The gravest case of postpartum illness is postpartum psychosis. Though extremely rare, it is the most dangerous, and requires medical attention for recovery (5). In addition to the symptoms of postpartum depression, postpartum psychosis also includes visual and auditory hallucinations (5). Frequent thoughts of hurting the baby may enter the mother's mind, and she may actually carry out those thoughts (3).

The exact cause of depression is still not known, because it may vary with each individual. The term "depression" can be used to describe a variety of moods, from mild feelings of sadness to deep severe melancholia (4). There are theories due to biological, genetic and environmental factors. The biological factors are related to the hormone, such as cortisol. Cortisol is a hormone that controls the body's response to stress, anger, and fear. When people are depressed, cortisol will peak in the morning, and does not decrease later in the day, as it does in normal people (1).

A possible neurobiological factor is that there may be an imbalance of neurotransmitters in the brain (1). Neurotransmitters are chemicals that help the brain cells communicate with each other. Two neurotransmitters linked to depression are serotonin and norepinephrine. When there are deficiencies in neurotransmitters, impulses sent between nerves are decreased (4). Deficiencies in those neurotransmitters cause changes in sleep habits, increase irritability and anxiety, and may make individuals feel sadder and fatigued (1).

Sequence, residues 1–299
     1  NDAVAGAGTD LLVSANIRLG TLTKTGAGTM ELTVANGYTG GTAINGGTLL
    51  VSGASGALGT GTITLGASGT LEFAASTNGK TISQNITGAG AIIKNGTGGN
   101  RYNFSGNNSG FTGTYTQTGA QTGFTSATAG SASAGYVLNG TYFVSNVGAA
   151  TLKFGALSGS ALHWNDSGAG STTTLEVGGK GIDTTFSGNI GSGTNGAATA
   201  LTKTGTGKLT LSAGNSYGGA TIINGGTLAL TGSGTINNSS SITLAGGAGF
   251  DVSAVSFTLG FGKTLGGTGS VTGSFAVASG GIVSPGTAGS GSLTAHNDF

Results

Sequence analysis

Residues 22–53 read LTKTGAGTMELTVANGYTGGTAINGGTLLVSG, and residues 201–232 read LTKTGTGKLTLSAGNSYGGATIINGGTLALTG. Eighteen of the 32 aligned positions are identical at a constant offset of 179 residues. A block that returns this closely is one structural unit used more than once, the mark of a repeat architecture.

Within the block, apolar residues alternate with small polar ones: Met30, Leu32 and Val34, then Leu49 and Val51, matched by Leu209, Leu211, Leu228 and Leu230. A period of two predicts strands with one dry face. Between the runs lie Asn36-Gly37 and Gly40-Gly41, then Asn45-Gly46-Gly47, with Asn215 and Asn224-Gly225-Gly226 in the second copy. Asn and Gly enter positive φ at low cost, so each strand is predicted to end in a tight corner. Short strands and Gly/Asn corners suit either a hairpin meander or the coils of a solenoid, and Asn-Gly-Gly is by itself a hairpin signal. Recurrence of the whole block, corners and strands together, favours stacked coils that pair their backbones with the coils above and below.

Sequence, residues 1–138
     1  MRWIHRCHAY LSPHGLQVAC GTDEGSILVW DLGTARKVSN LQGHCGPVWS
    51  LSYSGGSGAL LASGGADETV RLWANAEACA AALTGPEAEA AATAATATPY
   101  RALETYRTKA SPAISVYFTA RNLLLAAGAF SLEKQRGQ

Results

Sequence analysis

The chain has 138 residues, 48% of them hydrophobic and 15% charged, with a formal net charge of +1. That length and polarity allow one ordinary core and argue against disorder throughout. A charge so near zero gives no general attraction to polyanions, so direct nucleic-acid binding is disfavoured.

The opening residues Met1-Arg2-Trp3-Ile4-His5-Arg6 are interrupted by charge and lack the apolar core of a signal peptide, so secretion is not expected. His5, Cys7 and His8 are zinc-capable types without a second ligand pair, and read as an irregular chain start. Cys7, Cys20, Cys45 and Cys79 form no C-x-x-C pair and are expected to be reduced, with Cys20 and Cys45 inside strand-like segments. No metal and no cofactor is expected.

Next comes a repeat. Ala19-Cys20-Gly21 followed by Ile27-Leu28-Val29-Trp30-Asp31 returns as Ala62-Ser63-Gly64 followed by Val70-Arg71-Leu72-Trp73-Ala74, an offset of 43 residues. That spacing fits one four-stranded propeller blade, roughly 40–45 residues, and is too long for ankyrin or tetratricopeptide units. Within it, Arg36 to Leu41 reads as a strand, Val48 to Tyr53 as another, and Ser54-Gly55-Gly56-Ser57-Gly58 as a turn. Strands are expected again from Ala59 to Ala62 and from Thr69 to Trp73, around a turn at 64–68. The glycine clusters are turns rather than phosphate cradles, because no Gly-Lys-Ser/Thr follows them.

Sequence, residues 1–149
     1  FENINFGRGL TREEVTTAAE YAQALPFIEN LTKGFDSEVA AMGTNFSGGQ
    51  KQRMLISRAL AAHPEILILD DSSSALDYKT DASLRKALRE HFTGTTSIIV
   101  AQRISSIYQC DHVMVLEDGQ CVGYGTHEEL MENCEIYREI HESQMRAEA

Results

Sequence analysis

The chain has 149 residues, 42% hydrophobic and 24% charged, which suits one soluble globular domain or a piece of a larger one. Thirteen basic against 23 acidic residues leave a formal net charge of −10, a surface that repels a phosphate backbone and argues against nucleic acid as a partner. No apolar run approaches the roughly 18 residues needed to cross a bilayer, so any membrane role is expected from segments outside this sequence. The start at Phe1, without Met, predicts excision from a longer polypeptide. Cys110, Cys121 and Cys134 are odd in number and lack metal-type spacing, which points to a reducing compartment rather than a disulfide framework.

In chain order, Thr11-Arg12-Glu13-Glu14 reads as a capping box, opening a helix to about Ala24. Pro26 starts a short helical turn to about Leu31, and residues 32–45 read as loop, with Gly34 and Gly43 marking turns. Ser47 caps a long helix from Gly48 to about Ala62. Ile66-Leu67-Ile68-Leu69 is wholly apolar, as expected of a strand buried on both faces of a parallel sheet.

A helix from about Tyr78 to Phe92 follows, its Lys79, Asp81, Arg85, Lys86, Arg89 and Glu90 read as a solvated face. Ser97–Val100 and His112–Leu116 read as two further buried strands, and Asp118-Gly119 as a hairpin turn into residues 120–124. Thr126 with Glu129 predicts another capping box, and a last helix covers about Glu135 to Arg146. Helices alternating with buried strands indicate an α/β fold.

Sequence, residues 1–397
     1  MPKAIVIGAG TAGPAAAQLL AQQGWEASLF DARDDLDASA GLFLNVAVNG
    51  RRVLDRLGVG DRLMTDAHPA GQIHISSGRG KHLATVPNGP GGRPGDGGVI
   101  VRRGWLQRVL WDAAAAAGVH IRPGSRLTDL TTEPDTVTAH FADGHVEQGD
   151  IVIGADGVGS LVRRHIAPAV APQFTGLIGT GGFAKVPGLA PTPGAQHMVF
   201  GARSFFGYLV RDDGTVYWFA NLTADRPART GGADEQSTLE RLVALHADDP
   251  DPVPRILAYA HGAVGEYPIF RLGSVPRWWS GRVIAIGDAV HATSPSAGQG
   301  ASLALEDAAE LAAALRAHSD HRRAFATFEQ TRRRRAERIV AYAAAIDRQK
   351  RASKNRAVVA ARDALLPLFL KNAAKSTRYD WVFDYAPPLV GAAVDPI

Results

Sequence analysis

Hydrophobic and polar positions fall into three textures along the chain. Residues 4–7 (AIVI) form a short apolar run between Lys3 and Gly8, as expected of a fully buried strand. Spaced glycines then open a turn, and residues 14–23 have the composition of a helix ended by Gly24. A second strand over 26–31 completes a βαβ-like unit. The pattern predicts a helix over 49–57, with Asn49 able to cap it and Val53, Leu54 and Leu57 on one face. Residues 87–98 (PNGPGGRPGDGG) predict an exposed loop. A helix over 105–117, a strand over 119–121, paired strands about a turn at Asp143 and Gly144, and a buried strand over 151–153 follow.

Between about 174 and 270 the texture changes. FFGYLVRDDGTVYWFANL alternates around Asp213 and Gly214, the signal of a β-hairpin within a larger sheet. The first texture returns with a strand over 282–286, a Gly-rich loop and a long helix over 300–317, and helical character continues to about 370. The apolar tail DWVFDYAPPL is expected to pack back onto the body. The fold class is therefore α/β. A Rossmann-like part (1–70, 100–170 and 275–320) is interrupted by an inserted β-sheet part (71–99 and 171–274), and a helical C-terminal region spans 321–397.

Postpartum depression may also have some other causes besides those of regular depression. When a woman is pregnant, her female hormonal levels change dramatically. Estrogen and progesterone increase during the pregnancy, and after childbirth, the levels decrease rapidly down to the levels before the woman was pregnant (5). These fluctuations are similar to those prior to when a woman menstruates, and can be more irritable and depressed. With postpartum depression, the levels of estrogen and progesterone may not be decreasing at a normal rate, causing an imbalance in the system. This may lead to symptoms of the various forms of postpartum illnesses.

While forms of postpartum depression were recognized in Yates, she never completed any treatment of her depression or psychosis due to insurance limitations (3). However, her husband and her doctor did not recognize the seriousness of the situation. Apparently, her husband, Russell, said to a friend, "I'm not going to coddle her, I'm not going to hold her hand. She needs to be strong, she needs to help herself." (2). However, when depression is as deep as Andrea Yates' psychosis, the ability to help oneself is incredibly decreased. Proof that Andrea was definitely suffering from postpartum psychosis is that she would hear voices in her head telling her to hurt other people, including the children (3). However, Russell still did not see Andrea as a threat to their children, despite two suicide attempts, including one after the birth of her fifth child (9). Scarily enough neither did Andrea's doctor, who two days before she killed the children, did not believe that Andrea needed to be hospitalized (3).